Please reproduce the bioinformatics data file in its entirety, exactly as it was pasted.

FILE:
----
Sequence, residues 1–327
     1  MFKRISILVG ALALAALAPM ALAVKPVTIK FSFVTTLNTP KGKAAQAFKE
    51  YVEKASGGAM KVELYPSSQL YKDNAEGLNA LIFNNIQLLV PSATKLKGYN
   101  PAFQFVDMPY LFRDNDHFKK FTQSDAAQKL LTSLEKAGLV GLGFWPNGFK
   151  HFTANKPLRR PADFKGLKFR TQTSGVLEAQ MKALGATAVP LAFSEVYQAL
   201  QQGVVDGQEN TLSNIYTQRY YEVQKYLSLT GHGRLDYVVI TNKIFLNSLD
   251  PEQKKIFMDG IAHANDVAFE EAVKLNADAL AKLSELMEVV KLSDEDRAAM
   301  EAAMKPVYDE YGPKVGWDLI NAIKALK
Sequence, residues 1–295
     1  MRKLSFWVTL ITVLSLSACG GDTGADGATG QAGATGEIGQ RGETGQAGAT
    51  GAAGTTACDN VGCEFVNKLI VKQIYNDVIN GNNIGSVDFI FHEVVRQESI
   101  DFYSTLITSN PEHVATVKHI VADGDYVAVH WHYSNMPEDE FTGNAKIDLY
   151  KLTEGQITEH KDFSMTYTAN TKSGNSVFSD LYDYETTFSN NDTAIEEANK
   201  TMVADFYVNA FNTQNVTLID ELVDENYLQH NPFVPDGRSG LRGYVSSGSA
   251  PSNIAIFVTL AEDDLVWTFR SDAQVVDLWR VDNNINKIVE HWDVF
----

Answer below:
Sequence, residues 1–327
     1  MFKRISILVG ALALAALAPM ALAVKPVTIK FSFVTTLNTP KGKAAQAFKE
    51  YVEKASGGAM KVELYPSSQL YKDNAEGLNA LIFNNIQLLV PSATKLKGYN
   101  PAFQFVDMPY LFRDNDHFKK FTQSDAAQKL LTSLEKAGLV GLGFWPNGFK
   151  HFTANKPLRR PADFKGLKFR TQTSGVLEAQ MKALGATAVP LAFSEVYQAL
   201  QQGVVDGQEN TLSNIYTQRY YEVQKYLSLT GHGRLDYVVI TNKIFLNSLD
   251  PEQKKIFMDG IAHANDVAFE EAVKLNADAL AKLSELMEVV KLSDEDRAAM
   301  EAAMKPVYDE YGPKVGWDLI NAIKALK
Sequence, residues 1–295
     1  MRKLSFWVTL ITVLSLSACG GDTGADGATG QAGATGEIGQ RGETGQAGAT
    51  GAAGTTACDN VGCEFVNKLI VKQIYNDVIN GNNIGSVDFI FHEVVRQESI
   101  DFYSTLITSN PEHVATVKHI VADGDYVAVH WHYSNMPEDE FTGNAKIDLY
   151  KLTEGQITEH KDFSMTYTAN TKSGNSVFSD LYDYETTFSN NDTAIEEANK
   201  TMVADFYVNA FNTQNVTLID ELVDENYLQH NPFVPDGRSG LRGYVSSGSA
   251  PSNIAIFVTL AEDDLVWTFR SDAQVVDLWR VDNNINKIVE HWDVF